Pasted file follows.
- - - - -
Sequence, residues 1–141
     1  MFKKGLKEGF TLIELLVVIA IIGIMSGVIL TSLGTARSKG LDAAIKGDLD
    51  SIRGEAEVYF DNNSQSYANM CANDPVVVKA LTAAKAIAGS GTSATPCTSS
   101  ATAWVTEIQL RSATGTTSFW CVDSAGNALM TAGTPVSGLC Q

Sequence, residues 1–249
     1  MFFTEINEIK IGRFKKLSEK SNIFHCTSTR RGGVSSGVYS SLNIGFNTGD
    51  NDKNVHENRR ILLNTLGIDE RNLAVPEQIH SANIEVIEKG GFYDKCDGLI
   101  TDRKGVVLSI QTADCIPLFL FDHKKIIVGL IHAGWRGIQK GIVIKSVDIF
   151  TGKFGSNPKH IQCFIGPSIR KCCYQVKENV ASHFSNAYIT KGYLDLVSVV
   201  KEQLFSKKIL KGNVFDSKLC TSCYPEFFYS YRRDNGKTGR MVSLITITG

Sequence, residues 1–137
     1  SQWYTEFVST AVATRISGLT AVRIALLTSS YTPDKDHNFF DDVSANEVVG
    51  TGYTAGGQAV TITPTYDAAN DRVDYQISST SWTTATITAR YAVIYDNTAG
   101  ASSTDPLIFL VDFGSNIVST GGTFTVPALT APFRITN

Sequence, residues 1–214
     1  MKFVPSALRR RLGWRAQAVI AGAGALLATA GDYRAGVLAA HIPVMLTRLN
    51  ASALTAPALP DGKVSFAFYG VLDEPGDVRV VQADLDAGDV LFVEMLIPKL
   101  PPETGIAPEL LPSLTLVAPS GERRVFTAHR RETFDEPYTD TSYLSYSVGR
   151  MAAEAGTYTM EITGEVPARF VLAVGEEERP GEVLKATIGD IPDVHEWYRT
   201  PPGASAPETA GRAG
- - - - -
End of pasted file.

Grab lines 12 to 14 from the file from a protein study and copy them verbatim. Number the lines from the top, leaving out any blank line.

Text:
     1  SQWYTEFVST AVATRISGLT AVRIALLTSS YTPDKDHNFF DDVSANEVVG
    51  TGYTAGGQAV TITPTYDAAN DRVDYQISST SWTTATITAR YAVIYDNTAG
   101  ASSTDPLIFL VDFGSNIVST GGTFTVPALT APFRITN